December, the Twelfth Month of the Year of our Goddess, 2018


“Solstice Sun, Shining Bright!
Shortest Day & Longest Night.
Solstice Wish of Hope & Cheer:
Peace on Earth, throughout the Year!”

–   Selena Fox


December is the twelfth month of the year, its name derived from the Latin for “ten,” as it was the tenth month of the Roman calendar. Its astrological sign is Sagittarius, the Archer (November 23 – December 22) , a mute  fire sign ruled by Jupiter. Winter owns the land now, Snow covers the land, and ice silences the streams. Still, this is a month of joy and renewal.

December, in the minds of many, is both the quintessential winter month and one of the busiest months of the year. It is a month of joyous celebrations from many traditions Advent, Bodhi Day, Saturnalia, Kwanzaa, Pancha Ganapati, Christmas, Hanukkah and Yule are just a small selection of festivals that have then calendrical home in the month of December.

The themes of light (literal, energetic, and metaphorical), wisdom, and goodwill are a common thread among many of the celebrations. This is a good time of year to remember that despite our differences, we have much in common with one other. In a modern culture, where many of uss practice religious and spiritual pluralism to some degree. December presents more than one holy festival for each of us to nurture our spirit.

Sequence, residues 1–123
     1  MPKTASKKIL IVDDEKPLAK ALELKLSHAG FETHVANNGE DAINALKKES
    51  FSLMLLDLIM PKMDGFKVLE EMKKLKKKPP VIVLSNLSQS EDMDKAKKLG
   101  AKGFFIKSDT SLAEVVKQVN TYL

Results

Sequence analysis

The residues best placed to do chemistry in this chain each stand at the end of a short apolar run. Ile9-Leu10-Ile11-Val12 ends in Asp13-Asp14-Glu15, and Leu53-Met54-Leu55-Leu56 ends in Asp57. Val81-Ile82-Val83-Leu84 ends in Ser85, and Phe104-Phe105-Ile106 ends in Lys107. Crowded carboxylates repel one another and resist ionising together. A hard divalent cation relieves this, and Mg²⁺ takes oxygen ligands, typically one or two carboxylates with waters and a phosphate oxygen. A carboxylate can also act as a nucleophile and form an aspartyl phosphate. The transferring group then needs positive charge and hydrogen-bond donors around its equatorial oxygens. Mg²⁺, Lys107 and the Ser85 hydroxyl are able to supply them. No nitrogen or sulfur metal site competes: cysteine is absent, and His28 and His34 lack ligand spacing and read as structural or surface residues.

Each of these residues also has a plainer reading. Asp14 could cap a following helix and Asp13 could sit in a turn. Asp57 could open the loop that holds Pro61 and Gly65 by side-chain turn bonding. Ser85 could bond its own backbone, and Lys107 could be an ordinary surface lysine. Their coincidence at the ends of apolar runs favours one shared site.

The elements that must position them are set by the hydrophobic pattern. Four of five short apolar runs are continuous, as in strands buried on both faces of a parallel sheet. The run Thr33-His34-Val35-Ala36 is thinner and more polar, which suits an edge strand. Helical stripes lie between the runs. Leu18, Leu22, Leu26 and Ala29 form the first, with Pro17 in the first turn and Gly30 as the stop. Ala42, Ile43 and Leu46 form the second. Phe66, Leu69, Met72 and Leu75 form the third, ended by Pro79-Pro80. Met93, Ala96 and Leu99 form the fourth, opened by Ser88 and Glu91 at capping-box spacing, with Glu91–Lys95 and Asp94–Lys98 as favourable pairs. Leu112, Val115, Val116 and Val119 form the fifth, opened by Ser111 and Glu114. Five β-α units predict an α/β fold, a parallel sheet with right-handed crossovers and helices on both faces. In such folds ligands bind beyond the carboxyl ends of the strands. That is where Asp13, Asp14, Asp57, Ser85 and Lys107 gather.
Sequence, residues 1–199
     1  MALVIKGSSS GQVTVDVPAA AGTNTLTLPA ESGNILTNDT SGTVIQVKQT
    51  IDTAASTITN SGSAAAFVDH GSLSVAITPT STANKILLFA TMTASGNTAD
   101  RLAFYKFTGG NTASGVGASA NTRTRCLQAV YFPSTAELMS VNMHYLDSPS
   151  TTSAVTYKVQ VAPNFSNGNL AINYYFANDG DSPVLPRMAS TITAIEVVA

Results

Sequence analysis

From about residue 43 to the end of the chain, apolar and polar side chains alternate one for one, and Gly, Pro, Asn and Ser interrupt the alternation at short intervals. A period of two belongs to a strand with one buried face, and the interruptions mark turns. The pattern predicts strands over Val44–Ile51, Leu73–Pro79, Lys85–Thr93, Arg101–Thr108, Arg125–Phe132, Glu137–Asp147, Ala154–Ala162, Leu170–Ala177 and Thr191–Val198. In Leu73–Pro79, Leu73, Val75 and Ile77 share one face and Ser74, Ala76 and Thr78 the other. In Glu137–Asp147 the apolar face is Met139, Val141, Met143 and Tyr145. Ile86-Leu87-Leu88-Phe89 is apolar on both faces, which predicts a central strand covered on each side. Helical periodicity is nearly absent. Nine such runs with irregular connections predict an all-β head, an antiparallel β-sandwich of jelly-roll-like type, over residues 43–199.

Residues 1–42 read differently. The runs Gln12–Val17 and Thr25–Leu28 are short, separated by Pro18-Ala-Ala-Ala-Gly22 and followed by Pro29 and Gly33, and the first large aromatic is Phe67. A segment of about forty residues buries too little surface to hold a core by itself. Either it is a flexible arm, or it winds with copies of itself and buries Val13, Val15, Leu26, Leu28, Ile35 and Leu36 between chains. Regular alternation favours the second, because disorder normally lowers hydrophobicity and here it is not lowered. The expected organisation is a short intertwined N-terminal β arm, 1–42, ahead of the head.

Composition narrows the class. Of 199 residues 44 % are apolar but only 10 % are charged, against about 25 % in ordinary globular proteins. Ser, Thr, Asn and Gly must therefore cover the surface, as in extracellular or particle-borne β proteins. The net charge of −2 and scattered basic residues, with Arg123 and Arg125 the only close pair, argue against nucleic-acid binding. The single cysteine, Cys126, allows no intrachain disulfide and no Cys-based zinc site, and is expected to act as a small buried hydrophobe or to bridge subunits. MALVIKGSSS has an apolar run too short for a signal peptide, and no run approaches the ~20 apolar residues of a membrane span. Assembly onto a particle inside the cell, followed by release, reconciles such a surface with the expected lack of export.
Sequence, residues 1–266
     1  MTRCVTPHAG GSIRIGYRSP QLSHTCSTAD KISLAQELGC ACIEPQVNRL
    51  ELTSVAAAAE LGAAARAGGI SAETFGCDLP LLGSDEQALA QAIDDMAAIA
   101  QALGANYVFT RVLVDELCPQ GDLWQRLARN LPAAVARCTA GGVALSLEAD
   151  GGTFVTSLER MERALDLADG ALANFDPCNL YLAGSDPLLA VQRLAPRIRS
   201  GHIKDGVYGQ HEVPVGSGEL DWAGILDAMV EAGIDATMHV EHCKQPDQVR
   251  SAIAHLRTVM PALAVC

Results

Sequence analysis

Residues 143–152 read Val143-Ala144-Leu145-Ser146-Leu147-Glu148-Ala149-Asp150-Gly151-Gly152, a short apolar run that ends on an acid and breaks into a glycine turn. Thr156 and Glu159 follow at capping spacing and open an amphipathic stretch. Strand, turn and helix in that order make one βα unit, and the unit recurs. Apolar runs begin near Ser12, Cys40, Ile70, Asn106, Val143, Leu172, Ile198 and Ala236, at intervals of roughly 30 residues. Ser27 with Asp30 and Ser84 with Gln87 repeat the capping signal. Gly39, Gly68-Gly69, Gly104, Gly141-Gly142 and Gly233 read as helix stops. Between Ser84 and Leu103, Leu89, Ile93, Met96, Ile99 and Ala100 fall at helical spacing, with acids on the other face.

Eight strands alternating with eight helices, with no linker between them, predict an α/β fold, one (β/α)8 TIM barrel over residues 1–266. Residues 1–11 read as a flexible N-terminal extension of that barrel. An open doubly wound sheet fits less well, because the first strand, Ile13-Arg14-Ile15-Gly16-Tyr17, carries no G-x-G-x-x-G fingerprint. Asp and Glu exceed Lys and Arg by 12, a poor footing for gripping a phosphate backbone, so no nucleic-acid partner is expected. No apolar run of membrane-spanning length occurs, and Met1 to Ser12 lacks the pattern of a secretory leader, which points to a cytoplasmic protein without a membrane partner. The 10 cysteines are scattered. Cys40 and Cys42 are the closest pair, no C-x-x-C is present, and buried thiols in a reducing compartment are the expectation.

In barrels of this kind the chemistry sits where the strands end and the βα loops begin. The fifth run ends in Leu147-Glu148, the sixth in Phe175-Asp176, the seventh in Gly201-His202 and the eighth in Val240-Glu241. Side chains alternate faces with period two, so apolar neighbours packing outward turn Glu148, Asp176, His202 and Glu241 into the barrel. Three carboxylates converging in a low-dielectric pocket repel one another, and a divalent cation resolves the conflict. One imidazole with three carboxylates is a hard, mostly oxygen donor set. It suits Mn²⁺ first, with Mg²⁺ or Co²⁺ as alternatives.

In the Northern Hemisphere, the winter solstice marks the official start of winter–a season of introspection. At Yule, we celebrate the return of the Sun God and burn the Yule log to honor the strengthening Sun. As we decorate the Yule tree, we honor the evergreen as a symbol of eternal life. The decorations we use on the Yule tree are rich with symbolism. The lights represent stars, fruit-shaped ornaments represent fertility, and the star stop the tree is a symbol of the divine spirit.

December’s Full Moon, , the first of the winter season, is known as the Cold Moon. It is a white, distant Moon that shimmers above the frozen landscape. Acknowledge her by lighting a single white candle in a window. As the wheel of the year makes its final turn, we arrive at New Year’s Eve, a time to honor our past and think of the future. The endless rhythm of the season continues.

—Excerpt from Llewellyn’s 2018 Witches’ Spell-A-Day Almanac
Article Entitled “December” by Blake Octavian Blair